The spatial and temporal distribution of PAS finds can also be used to investigate varying intensities of economic activity. Figure 2 maps the broad national pattern of marketing that had emerged by the mid-thirteenth century, based on market charters or direct evidence of market activity. (S. Letters, Gazetteer of Markets and Fairs in England and Wales to 1516, 2002, radius = 16 km) While nearly everywhere in England was within a day’s return journey of at least one market site, regions of high or low density activity demonstrate how populations in different areas enjoyed varying degrees of access to multiple, presumably competing franchises. The medium-to-high density region around London, for example, must have been connected to the economy of the city. But the three ‘hottest’ areas were, from left to right, at the Somerset Levels, where the London-Exeter road meets of the Foss Way near waterways discharging into the Bristol Channel; at the upper navigable reaches of the Thames, at a place which the Droitwich Saltways had marked since the Anglo-Saxon period as a major stepping stone between the water highways of the Thames and the Severn; and finally near the intersection of the Icknield Way, the Watling Street and the river Great Ouse.
These unusual densities of local markets are located around intersections of major cross-country long-distance routes, and also at places that mark the transfer from one form of transportation to another, such as a boat or a ship to a cart or a packhorse. Such zones are evidence that many successful local markets were integrated into broader networks of interregional and perhaps even international exchange, and also highlights their key role in the development of the British medieval economy. The PAS data supports this argument: a high concentration of coin finds indicates that a markedly high level of commercial exchange along the Icknield Way in eastern Midlands dated back to the Anglo-Saxon period, long before significant written records on formal market activity had become available.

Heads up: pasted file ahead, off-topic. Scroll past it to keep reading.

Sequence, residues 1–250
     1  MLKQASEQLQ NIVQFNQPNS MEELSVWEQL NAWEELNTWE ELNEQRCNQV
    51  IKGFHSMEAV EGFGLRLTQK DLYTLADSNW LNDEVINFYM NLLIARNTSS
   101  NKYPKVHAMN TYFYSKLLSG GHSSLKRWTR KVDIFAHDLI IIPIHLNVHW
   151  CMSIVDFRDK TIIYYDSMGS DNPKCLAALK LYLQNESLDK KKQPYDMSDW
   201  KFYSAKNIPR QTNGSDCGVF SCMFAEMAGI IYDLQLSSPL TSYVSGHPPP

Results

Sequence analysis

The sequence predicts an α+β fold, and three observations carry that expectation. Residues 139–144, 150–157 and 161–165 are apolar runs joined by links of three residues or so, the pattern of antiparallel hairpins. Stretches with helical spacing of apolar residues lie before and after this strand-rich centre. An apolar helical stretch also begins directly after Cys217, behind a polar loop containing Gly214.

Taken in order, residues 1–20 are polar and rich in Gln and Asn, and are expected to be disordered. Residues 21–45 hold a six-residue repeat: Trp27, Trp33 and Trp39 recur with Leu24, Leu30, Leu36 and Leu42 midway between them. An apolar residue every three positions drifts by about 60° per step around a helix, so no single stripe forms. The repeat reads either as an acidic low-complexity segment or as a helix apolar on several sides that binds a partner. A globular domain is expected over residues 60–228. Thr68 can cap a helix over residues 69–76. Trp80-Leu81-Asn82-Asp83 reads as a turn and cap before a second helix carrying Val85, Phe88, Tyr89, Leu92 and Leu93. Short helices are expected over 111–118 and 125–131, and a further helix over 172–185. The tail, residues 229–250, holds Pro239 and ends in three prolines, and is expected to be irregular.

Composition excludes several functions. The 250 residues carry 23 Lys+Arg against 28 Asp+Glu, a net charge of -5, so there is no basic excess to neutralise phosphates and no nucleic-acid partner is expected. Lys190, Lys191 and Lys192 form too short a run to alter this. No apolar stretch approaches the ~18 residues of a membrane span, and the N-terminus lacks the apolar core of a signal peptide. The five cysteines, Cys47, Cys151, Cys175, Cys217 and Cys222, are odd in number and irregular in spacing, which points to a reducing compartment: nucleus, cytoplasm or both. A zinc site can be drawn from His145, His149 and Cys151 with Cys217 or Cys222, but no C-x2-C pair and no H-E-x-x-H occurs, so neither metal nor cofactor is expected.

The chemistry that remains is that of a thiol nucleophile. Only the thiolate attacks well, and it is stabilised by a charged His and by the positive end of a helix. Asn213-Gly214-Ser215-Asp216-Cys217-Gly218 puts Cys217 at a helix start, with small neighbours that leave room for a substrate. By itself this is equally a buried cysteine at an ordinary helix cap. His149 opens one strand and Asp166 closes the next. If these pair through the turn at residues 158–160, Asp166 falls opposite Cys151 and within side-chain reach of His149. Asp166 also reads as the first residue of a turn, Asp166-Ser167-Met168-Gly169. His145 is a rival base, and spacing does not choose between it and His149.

The PAS data holds the potential to fill in gaps left by the often very limited documentary evidence on local commerce. Owing to the industriousness of local metal-detectorists, there is high yield of PAS data from around the medieval vills of Saltfleetby and Skidbrooke in coastal Lincolnshire. Saltfleetby was an old economic centre attested in Domesday Book of 1086, but its commercial pre-eminence was usurped by the neighbouring Skidbrooke by the fourteenth century. The pattern of single finds of coins made in the vicinity of the two settlements in Figure 3 starkly illustrates Saltfleetby’s economic decline. In this case it was possible to confirm the changing fortunes of the two vills from written sources, but what our project aims to demonstrate is how a critical approach to the PAS data offers the opportunity to map long-term trends unattainable through other means – ideally including in places not covered by written evidence. The power of the PAS data is founded in its extraordinary spatial and temporal reach across England and Wales, enabling the study of historical developments equally at local and national levels.
Michael Lewis – email@example.com
Eljas Oksanen – firstname.lastname@example.org
For more on the project and the PAS see:
‘Medieval Markets and Portable Antiquities Scheme’, E. Oksanen and M. Lewis, in Medieval Settlement Research 30 (Medieval Settlement Research Group, London, 2015), 54-9.
‘Exploring the Commercial Landscape of Medieval Saltfleetby and Skidbrooke, Lincolnshire, through PAS Data’, E. Oksanen and M. Lewis, in Medieval Archaeology 59 (forthcoming).
Project website: medievalmarketsites.wordpress.com